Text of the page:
How K-culture is influencing our dressing style?
Oppa Gangnam Style
These lines shook the world of music on July 15, 2012, when Psy mesmerised the world with his Gangnam Style. Psy ruled the world for that moment with his trademark horse-riding dance that became a megahit overnight.
They did do a flash mob in front of the Eiffel Tower on behalf of Barack Obama. Though subconsciously we didn’t know that it was our first K-pop, we surely can't deny how Korean movies, dramas and the music industry are ruling our hearts along with the world.
While we are talking about the influence of K-culture, fashion perhaps tops the list of integration. BTS, BlackPink, EXO, Super Junior, Twice, BigBang, Got7, red velvet, Wonder Girls, Astro, T-ara, 2NE1 and the list goes on while speaking of the major Korean pop bands influencing our dressing style.
As the world changes into a global village, it's only normal that creative and innovative content will circulate among a wide spectrum of audiences in a jiffy. And people being hungry for something catchy instantly make that viral.
K-culture surely knows how to captivate its onlookers -- from courageous colours and tempting combinations. Pleated plaid skirts, sneakers to rebel rose-coloured crop tops, BTS-inspired boots and EXO-inspired boy cap outfits -- you might just be living under a rock if you are unaware of how K-Pop is giving rise to enormous surges of style and tradition all over the planet.
These K-Pop artists are just living the life of many teens. Jenny being the ambassador of Channel's product, BTS's V is a continuous trend setter showing his love for many high-end brands like Gucci and his multi-coloured hair attracts the youngsters.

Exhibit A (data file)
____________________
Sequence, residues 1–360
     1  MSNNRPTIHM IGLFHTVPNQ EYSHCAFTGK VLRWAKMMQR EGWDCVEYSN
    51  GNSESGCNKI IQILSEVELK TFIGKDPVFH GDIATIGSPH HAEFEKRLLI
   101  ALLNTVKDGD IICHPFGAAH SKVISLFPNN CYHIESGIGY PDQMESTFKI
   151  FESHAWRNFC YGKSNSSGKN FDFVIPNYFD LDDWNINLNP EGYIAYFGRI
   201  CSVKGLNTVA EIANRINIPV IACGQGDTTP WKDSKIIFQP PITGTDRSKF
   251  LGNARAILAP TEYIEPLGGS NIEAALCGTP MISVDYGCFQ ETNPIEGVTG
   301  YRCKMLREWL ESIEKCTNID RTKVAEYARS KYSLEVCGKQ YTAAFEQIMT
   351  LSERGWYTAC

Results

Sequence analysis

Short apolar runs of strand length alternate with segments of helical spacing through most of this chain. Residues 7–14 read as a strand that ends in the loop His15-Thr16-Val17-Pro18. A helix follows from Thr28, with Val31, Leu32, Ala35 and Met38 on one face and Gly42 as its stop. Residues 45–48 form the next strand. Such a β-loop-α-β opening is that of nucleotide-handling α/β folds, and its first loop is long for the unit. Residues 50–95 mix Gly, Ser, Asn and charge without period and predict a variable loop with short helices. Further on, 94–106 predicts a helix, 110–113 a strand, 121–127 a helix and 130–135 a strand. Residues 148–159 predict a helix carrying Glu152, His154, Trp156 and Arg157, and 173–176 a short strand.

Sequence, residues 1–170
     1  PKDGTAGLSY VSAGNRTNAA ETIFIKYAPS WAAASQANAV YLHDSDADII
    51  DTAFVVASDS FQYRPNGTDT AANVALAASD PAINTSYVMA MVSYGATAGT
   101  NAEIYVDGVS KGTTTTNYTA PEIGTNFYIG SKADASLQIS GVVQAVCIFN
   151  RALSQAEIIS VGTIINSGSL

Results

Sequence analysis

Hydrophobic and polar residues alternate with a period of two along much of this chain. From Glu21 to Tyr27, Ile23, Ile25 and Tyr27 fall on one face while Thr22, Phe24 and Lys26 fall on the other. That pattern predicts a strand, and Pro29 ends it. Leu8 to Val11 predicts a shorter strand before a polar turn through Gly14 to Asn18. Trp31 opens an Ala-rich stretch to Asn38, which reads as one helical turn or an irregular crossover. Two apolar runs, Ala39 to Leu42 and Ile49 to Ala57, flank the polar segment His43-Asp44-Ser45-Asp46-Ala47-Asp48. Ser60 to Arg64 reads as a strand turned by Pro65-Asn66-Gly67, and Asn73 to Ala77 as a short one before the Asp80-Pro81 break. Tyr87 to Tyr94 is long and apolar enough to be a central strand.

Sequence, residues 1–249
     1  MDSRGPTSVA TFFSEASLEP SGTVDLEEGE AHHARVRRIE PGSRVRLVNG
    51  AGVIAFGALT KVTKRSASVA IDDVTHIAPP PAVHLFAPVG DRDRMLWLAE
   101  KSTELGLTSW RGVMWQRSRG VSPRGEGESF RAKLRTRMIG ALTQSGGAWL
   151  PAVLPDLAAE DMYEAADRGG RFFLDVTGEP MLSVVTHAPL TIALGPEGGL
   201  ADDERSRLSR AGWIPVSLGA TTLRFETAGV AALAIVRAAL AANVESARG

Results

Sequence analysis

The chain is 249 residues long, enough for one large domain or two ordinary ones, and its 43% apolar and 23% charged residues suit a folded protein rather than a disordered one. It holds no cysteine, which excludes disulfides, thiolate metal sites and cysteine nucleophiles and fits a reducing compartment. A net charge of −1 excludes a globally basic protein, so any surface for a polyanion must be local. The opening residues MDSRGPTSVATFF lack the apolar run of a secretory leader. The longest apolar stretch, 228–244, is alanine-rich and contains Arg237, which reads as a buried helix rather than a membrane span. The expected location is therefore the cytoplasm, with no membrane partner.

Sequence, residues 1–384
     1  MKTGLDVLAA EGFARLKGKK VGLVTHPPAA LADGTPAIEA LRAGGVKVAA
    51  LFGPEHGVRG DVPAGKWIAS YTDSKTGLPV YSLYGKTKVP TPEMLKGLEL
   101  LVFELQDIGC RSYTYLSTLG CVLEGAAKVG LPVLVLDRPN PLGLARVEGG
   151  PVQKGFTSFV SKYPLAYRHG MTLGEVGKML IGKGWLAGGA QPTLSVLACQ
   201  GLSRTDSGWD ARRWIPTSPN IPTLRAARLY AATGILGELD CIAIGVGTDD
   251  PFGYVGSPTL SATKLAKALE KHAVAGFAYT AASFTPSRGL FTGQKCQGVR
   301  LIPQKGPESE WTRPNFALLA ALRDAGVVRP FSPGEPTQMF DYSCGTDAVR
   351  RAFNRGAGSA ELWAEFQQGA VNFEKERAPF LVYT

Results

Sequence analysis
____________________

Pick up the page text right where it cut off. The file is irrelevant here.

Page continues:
From runway to airport look, to Sunday branch and cafe meet, strolling to the allays to the go-to look for a concert, their style is just impeccable. Well, people generally adore them for two particular reasons.
Addictive melodies come first and these singers surely know how to hook words that make these songs play in your mind all day making you hum.
They also provoke a whole new trend in the fashion world and are never uncomfortable hitting the floor with their grace and elegance. Take G-Dragon for example for being a frequent trendsetter.
The flashy music videos with eye-catching dance steps make them continuously stand out and generate appealing appearances.
Like Bollywood, they all don't go for the identical outfit or gawk, rather every artist brings something new and ingenious.
Their thinking outside the box or boys wearing makeup and ornaments makes everyone awestruck. Some take it as setting new trends and pushing fashion boundaries that can expand the horizon of the industry while others scoff saying them to be girly.
Anandita khan, a dance artist from Shadhona--a Bangladeshi platform for learning dance, shared how K-world attracts her.
"After watching all the buzz on social media during the quarantine, I became interested in the K-world. Both their casual/modern and traditional clothing styles appeal to me. What drew me in the most was the colour mix of their clothes."